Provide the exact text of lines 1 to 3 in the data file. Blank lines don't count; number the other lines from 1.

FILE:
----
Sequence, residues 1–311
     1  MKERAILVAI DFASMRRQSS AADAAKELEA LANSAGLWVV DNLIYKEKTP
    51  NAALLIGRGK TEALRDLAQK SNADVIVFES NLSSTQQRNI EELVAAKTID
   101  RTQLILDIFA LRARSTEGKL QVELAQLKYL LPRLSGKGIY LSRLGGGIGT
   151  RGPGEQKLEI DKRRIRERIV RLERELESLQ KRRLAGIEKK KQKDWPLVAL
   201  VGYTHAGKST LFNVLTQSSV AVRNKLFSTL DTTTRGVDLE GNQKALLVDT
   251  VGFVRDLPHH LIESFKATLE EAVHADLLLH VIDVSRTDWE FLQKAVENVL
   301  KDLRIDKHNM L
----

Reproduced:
Sequence, residues 1–311
     1  MKERAILVAI DFASMRRQSS AADAAKELEA LANSAGLWVV DNLIYKEKTP
    51  NAALLIGRGK TEALRDLAQK SNADVIVFES NLSSTQQRNI EELVAAKTID